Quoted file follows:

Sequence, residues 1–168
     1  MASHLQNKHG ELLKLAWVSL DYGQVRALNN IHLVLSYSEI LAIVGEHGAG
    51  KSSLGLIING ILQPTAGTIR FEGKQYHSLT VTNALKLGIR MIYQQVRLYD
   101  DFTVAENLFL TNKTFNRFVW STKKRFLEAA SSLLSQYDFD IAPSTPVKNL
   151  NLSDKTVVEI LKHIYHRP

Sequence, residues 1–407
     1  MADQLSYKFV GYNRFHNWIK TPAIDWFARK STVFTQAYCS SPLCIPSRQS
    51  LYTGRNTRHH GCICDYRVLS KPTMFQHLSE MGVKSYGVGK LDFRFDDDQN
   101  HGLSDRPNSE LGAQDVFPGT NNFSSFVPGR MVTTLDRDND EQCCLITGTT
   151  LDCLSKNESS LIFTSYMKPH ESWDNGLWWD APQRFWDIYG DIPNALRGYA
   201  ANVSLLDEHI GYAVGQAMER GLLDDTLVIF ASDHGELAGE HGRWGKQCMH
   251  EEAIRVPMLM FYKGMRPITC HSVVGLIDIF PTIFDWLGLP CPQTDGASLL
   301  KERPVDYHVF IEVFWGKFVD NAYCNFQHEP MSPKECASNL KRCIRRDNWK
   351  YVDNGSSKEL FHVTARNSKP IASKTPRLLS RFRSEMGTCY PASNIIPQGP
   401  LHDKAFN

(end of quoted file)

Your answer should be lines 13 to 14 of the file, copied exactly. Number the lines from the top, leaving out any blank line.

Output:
   301  KERPVDYHVF IEVFWGKFVD NAYCNFQHEP MSPKECASNL KRCIRRDNWK
   351  YVDNGSSKEL FHVTARNSKP IASKTPRLLS RFRSEMGTCY PASNIIPQGP